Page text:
reference.visited = true

Now that all reachable objects are known, the sweep phase involves looping through all objects. If an object’s visited field is false, it means the object is unreachable and can be freed.

To summary, the process is:

Mark stage: Breadth-first search marked all of the live objects. Sweep stage: Scan over memory to free unmarked objects.

Mark and Compact

While mark-and-sweep can free unreachable objects, it doesn’t deal with fragmentation, which creates holes in memory.


As the freed objects are discontinuous, memory cannot be allocated for large structures even if there is enough total memory available.

Mark and Compact solves this issue by not only freeing unused memory but also rearranging live objects to make free memory contiguous.

The idea is to divide memory into two halves, FROM space and TO space. When FROM space is "full," the mark phase starts. During the mark phase, objects are moved from FROM space to TO space. Since other objects may refer to the moved object, a forward reference is recorded in the object’s old memory. The object’s references are also moved to TO space, and their pointers are updated to the new address. After the marking phase, all reachable references have been moved to TO space, and the old space can be freed.

You can also consider TO space as the queue in the mark-and-sweep algorithm, with two pointers representing the start and end of the queue.

Generational Garbage Collection

To release TO space, the mark-and-compact algorithm has to scan through all objects, which is time-consuming. Generational garbage collection improves this by scanning only new objects most of the time.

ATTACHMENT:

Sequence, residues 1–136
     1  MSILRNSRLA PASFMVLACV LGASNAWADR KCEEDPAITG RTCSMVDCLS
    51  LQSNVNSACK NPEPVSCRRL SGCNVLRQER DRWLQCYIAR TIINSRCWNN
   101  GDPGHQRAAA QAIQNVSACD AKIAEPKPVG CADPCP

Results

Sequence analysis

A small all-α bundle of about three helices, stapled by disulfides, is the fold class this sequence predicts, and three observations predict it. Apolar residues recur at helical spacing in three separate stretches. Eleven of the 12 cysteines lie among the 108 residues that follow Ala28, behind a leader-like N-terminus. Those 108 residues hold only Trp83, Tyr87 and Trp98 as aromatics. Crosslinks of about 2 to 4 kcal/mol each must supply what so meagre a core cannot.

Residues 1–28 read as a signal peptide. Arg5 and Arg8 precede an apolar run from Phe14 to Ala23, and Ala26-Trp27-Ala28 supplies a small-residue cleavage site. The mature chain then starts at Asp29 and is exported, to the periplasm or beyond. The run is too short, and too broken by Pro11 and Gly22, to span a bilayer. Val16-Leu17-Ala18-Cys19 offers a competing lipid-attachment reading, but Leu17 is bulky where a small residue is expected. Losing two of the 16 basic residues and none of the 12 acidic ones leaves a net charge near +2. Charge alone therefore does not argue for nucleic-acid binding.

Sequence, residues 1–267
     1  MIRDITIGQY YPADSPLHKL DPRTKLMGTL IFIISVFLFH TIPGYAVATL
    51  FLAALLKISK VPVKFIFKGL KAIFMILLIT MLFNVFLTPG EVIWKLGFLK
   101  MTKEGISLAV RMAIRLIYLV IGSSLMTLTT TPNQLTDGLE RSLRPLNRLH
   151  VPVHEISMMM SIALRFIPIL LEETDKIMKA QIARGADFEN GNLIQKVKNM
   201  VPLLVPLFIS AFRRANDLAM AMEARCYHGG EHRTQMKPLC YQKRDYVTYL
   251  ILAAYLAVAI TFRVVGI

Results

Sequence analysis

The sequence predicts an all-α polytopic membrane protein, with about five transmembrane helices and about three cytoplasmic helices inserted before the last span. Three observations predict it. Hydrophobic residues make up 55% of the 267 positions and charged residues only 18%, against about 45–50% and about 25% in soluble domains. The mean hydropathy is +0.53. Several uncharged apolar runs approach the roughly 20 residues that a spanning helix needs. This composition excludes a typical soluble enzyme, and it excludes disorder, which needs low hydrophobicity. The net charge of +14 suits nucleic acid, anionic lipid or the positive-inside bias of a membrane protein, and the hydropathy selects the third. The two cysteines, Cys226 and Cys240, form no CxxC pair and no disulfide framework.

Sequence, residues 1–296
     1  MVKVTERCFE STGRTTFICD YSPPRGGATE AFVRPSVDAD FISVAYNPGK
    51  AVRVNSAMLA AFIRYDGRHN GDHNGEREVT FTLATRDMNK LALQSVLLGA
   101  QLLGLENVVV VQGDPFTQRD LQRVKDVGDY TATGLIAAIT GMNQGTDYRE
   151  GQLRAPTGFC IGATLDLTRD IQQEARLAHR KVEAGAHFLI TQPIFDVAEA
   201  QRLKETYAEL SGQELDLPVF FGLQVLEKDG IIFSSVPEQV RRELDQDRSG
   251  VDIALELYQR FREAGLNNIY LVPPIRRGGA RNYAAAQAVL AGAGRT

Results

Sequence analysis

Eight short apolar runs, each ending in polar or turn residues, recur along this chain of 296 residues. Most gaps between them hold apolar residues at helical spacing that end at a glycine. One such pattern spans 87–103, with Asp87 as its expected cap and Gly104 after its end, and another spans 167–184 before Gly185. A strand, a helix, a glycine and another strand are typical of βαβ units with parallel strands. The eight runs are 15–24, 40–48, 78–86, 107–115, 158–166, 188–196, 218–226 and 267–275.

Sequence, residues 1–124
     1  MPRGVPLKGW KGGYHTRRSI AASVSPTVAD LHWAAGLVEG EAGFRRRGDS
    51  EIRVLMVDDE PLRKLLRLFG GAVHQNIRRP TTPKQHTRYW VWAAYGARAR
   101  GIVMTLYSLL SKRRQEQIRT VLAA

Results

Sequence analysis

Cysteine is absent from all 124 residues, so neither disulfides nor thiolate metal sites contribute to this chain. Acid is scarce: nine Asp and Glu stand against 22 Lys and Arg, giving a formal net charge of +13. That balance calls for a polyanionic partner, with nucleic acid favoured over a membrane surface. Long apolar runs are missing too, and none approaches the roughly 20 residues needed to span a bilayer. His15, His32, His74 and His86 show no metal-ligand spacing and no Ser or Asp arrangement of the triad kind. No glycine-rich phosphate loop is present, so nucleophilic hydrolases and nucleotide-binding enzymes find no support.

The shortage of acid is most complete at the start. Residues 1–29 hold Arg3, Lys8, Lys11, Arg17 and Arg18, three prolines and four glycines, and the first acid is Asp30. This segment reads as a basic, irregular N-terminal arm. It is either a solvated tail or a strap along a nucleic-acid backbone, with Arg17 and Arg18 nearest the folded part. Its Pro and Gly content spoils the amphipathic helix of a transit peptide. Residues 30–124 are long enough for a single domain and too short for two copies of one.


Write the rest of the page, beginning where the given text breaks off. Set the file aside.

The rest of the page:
Generational garbage collection is based on a simple observation: if an object lives for a long time, it tends to live even longer[3]. This means we only need to check new objects most of the time. For example, when a request comes in, Rails creates a controller instance, which should be reclaimed after the request finishes. However, DB connection instances can live for a while and should not be reclaimed.

To simplify, objects are divided into two categories: new generation and old generation. New-generation objects have been created recently, while old-generation objects have been around for a while. The goal is to free memory related to new-generation objects after scanning them.

For an object to be marked as dead, there must be no references to it. During the marking phase, we scan all new-generation objects. If an old object references a new object, we need to record it and scan it during the marking phase.

When we create a reference to an object, we need to look at the objects that reference it. If the referencing objects are in the same generation or the new generation, they can be considered in our marking phase. For objects that are older than the referenced object, they are recorded separately and also considered in our marking phase. By considering all these objects, we can safely mark an object as dead during the marking phase.

Ruby RGenGC

The Write Barrier

During generational garbage collection, we scan young generation objects most of the time to reduce GC cost. To do this safely, we need to record when an old object references a young object. This record is called a Write Barrier.

The Unique Problem Ruby Faces